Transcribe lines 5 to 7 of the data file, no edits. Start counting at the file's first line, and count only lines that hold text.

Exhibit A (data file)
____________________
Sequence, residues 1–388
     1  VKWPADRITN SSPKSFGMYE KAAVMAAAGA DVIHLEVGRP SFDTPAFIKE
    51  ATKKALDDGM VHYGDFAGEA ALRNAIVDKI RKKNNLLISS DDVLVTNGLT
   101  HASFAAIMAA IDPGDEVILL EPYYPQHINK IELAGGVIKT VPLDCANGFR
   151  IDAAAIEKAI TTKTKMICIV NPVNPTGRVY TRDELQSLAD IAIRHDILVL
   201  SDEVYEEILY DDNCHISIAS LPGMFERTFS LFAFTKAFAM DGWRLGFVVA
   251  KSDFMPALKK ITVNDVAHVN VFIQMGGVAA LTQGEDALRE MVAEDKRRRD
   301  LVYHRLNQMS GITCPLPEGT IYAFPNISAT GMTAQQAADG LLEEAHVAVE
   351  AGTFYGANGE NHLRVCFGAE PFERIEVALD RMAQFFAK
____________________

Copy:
   151  IDAAAIEKAI TTKTKMICIV NPVNPTGRVY TRDELQSLAD IAIRHDILVL
   201  SDEVYEEILY DDNCHISIAS LPGMFERTFS LFAFTKAFAM DGWRLGFVVA
   251  KSDFMPALKK ITVNDVAHVN VFIQMGGVAA LTQGEDALRE MVAEDKRRRD